7. Section 27 of the Customs Act 1962 provides for the claim for refund of duty. A perusal of the said provision would show that the importer will have to satisfy the authorities while seeking such a claim. In other words, until and unless the importer satisfies the authorities with relevant documents, indicating the fact that it has paid the excess amount and the duty has not been passed on to the customers, such a claim cannot be accepted. Further Section 28 C and D of the Act provide for price of goods to indicate the amount of duty paid there on and presumption that incidence of duty has been passed on to the buyer. Therefore, until the contrary is proved, there is a presumption provided under the statute that the duty has been passed on to the buyer. The above said provisions would clearly establish the fact that it is for the importer to satisfy the authorities that the duty has not been passed on to the buyer and the excess payment had been made by him by absorbing the same.
8. In the present case on hand, admittedly, the first respondent has not produced any document other than the certificate issued by the Chartered Accountant to substantiate its case. The certificate issued by the Chartered Accountant is merely a piece of evidence acknowledging certain facts. The authorities cannot merely act upon the certificate. If such an interpretation is given, then there is no need for authorities to decide the issue of refund. In other words, the certificate issued by the Chartered Accountant would prevail over the consideration of the issues before the authorities. Such a situation has not been contemplated under the Act. Further, Section 27 mandates on the importer to produce such documents or other evidence while seeking refund to establish that the amount of duty in relation to which such refund is claimed, has not been passed on by him to any other person.
9. Therefore, considering the above said provisions and applying the same to the facts on hand, we are of the opinion that the Tribunal has committed an error in merely relying upon the certificate produced by the first respondent without taking into consideration of the fact that no evidence has been produced for considering the claim of refund. The Tribunal also relied upon the Judgement of Commissioner of C.Ex., Coimbatore Vs. Flow Tech Power reported in (2006(202)E.L.T.404(Mad). The said Judgement is not applicable to the present case on hand and the Tribunal has wrongly relied upon the said Judgement. This Court in the said Judgement has clearly held that the certificate issued by the Chartered Accountant along with other evidence such as Profit and Loss Account are sufficient evidence to consider the claim for refund. The said Judgement cannot be construed to lay down the proposition of law that the certificate issued by the Chartered Account would automatically enable the person to get exemption in the absence of any other evidence to support that he is entitled to refund. Hence, on a consideration of the above said Judgement and also on the consideration of the facts involved, we are of the opinion that the appeal will have to be allowed and accordingly the same is allowed and the question of law framed is answered in favour of the revenue.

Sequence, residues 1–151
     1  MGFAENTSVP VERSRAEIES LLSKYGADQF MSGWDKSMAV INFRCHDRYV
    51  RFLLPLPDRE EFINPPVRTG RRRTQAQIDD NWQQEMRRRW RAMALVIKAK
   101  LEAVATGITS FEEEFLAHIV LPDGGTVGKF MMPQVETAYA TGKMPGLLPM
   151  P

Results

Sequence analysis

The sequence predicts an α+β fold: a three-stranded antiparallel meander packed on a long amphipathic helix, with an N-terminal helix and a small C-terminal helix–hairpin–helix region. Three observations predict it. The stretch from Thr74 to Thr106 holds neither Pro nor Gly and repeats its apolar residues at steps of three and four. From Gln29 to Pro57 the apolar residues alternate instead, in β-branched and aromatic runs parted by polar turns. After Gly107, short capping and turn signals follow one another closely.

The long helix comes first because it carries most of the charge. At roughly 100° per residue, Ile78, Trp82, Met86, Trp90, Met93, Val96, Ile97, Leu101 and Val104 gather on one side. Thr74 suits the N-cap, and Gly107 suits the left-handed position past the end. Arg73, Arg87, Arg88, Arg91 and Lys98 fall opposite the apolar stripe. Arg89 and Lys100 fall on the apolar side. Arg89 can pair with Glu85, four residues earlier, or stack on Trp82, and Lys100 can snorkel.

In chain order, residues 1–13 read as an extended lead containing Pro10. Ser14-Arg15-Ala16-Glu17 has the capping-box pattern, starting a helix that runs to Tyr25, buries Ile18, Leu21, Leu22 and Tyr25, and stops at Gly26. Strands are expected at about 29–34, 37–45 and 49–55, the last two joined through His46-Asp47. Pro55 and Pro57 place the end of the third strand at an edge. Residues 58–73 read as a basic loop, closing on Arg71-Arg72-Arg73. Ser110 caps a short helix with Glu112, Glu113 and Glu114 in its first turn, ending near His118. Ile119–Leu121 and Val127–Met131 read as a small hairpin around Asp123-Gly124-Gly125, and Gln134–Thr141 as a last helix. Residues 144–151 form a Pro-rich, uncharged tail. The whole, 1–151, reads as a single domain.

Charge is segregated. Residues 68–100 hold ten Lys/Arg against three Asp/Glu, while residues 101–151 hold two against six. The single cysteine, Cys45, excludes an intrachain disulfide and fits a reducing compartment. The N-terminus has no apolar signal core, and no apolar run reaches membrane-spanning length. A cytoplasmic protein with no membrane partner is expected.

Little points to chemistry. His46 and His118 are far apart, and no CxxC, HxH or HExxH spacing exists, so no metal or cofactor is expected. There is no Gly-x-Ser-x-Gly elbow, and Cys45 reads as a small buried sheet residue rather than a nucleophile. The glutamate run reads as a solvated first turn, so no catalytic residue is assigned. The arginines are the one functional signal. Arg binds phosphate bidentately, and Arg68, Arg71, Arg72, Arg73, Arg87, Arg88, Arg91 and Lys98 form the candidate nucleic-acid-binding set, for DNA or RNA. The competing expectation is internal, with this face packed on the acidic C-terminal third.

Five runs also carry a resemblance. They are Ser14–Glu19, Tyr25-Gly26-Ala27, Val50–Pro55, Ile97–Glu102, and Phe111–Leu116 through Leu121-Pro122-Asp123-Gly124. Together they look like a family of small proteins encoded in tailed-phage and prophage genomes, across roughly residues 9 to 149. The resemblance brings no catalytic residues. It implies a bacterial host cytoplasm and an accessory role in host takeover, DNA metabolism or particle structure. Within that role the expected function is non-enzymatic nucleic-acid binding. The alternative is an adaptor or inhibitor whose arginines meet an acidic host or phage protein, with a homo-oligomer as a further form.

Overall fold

10. Inasmuch as the Tribunal has merely relied upon the certificate of the Chartered Accountant and in order to give sufficient opportunity to first respondent while answering the question of law in favour of the revenue, the order passed by the Tribunal is hereby set aside and the matter is remitted back to the Tribunal for a fresh consideration of the appeal filed before it. The first respondent is permitted to furnish any other substantial evidence in support of his claim for refund. It is made clear that if the first respondent has failed to produce any other evidence, the Tribunal is directed to proceed with the case and decide the same on merits in accordance with law.
Index : yes (F.M.I.K.J) (M.M.S.J.) Internet : yes 22.07.2010. kua To Customs Excise & Service Tax Appellate Tribunal South Zonal Bench, FKCCI-WTC Building, K.G.Road, Bangalore-560 009. F.M.IBRAHIM KALIFULLA,J, and M.M.SUNDRESH,J. kua C.M.A.No.344 OF 2009 22-07-2010